Nitrile rubber can be blended with other elastomers and thermoplastics, such as PVC. Combining nitrile and PVC adds coloring capability, improves abrasion and tear resistance and reduces gas permeability. When combined, the NBR gains additional ozone resistance and the PVC gains added flexibility. NBR/PVC compounds resist oil and UV, but have poor weathering resistance. NBR/PVC is not recommended for applications that require flame resistance.



    Styrene-Butadiene-Rubber (SBR) is known for excellent impact strength, good abrasion resistance and the ability to maintain its flexibility at lower temperatures. SBR is not recommended for applications where resistance to oil and gasoline is required. This material is also not recommended for applications with exposure to UV and ozone. SBR is used in tire treads, conveyor belt covers, mats and shoe soles.



    Polybutadiene has excellent elastic properties, high resistance to wear and high resistance to electrical currents. Because polybutadiene exhibits good resistance to cold temperatures, this material is frequently used in tires and other automotive applications.



    Natural Rubber

    Natural Rubber exhibits high tensile strength and tear resistance, as well as outstanding resilience and abrasion resistance. This polymer has good resilience and compression set, a high degree of elasticity and low odor. It also provides an excellent barrier to water. However, natural rubber has poor oil and solvent resistance and is not recommended for high heat or severe weathering environments.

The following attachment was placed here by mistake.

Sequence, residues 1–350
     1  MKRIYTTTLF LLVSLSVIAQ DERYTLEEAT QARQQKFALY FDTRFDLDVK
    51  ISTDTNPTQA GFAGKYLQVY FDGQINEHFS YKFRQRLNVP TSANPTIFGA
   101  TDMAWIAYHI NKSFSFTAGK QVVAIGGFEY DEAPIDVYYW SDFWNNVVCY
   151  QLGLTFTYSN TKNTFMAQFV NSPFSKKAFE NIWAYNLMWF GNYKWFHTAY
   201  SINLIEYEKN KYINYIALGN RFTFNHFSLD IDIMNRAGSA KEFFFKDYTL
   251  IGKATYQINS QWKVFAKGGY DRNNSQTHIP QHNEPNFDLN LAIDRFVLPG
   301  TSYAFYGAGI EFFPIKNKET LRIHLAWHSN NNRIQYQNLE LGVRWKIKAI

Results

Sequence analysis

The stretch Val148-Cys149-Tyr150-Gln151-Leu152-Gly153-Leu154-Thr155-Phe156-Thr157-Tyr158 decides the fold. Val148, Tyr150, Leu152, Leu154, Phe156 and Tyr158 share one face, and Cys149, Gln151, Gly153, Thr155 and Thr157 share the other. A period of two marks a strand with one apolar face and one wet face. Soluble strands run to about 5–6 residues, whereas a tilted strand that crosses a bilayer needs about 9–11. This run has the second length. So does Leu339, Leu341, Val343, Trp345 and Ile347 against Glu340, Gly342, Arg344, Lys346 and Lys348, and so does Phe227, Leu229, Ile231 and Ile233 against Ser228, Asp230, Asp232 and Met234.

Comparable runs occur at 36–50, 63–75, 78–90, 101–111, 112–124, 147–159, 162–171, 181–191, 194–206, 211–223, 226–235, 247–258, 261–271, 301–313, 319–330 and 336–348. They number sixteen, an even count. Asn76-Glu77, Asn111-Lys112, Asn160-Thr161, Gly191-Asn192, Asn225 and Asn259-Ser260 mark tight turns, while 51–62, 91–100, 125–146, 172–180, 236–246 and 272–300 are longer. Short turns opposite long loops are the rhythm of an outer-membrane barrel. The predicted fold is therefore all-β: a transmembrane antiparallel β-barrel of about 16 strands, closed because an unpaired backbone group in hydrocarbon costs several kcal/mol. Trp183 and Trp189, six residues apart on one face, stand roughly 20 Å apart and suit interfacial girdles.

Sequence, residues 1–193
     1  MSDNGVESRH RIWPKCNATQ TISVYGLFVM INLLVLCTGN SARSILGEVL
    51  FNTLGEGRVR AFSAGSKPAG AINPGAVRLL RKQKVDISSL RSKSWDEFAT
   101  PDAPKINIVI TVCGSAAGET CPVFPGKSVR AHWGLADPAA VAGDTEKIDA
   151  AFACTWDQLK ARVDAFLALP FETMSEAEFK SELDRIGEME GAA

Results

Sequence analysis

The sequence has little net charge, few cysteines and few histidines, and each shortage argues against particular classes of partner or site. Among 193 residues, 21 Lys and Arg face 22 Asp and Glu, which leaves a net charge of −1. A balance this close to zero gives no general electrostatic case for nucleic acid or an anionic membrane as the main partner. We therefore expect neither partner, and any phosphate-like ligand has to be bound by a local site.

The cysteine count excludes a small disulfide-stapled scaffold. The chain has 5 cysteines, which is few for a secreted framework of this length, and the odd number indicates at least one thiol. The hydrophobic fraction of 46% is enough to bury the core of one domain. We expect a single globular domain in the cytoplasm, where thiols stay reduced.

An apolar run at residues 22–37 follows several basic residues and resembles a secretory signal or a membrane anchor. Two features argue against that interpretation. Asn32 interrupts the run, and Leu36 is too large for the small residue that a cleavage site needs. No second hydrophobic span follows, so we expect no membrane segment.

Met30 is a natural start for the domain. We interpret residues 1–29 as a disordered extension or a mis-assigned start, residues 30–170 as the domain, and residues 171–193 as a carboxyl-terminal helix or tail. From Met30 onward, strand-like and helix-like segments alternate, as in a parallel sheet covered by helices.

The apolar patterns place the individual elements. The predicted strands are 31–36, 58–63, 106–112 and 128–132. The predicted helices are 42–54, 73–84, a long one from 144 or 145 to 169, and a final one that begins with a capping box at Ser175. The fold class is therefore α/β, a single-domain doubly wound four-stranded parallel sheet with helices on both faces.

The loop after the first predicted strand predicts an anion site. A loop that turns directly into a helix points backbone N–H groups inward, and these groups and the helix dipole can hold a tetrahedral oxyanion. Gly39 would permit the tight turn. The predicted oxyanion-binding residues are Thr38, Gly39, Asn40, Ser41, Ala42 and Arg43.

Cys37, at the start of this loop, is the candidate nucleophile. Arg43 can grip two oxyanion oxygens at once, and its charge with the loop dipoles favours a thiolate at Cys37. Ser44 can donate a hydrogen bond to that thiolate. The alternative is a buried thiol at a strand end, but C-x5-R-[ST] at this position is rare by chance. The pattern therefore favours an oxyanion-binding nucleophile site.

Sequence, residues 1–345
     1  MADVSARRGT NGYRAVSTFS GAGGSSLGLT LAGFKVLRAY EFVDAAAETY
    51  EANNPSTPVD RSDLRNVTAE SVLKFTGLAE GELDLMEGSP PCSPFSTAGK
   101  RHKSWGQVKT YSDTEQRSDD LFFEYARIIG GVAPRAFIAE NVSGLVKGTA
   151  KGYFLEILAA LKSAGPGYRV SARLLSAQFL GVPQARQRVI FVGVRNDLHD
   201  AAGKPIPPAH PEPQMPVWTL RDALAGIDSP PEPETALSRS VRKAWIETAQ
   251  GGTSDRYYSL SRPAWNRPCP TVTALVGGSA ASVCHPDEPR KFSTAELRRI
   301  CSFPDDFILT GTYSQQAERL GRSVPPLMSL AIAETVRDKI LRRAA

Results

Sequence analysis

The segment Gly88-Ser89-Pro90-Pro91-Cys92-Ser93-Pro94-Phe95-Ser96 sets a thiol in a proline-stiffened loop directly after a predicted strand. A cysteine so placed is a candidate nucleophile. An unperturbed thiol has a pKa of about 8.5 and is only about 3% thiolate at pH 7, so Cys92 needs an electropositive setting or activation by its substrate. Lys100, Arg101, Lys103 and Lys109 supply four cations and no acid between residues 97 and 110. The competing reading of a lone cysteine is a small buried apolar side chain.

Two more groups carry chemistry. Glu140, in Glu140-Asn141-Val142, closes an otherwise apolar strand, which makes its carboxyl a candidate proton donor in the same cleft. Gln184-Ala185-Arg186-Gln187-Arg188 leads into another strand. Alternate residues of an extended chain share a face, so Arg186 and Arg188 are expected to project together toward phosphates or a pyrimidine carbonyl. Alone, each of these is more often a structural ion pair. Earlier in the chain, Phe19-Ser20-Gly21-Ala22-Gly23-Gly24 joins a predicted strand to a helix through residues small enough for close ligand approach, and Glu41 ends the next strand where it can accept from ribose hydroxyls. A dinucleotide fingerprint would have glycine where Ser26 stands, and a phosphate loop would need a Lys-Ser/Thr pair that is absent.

Chlorinated polyethylene (CPE) has excellent flexibility and resistance to ignition. It also exhibits outstanding resistance to chemicals, heat aging, abrasion, weathering and low temperatures. CPE has high tensile strength and moderate resistance to oil, and it is used in wiring, sealing and automotive applications, as well as in industrial hoses and tubes.



    Chlorosulfonated polyethylene (CSM) exhibits good resistance to chemicals, oil and abrasion. CSM is also known for excellent weathering, extreme temperature and UV light resistance. This polymer resists fire and has self-extinguishing properties. CSM exhibits poor fuel resistance and compression set.



    Ethylene acrylate rubber (AEM) resists oil, heat and ozone. AEM has good resistance to oils and greases, and it features a wide temperature range and low compression set. This polymer exhibits good low temperature properties and oil resistance.



    Fluoroelastomers (FKM) exhibit exceptional resistance to heat, aging and a broad range of fuels, solvents and chemicals, which makes them ideal for many demanding aerospace, automotive and industrial applications.

    Fluoroelastomers offer excellent resistance to weather, ozone, oxygen, sunlight and flames. However, fluoroelastomers have poor resistance to ketones, esters, ethers, amines and aqueous bases (i.e., ammonia and sodium hydroxide).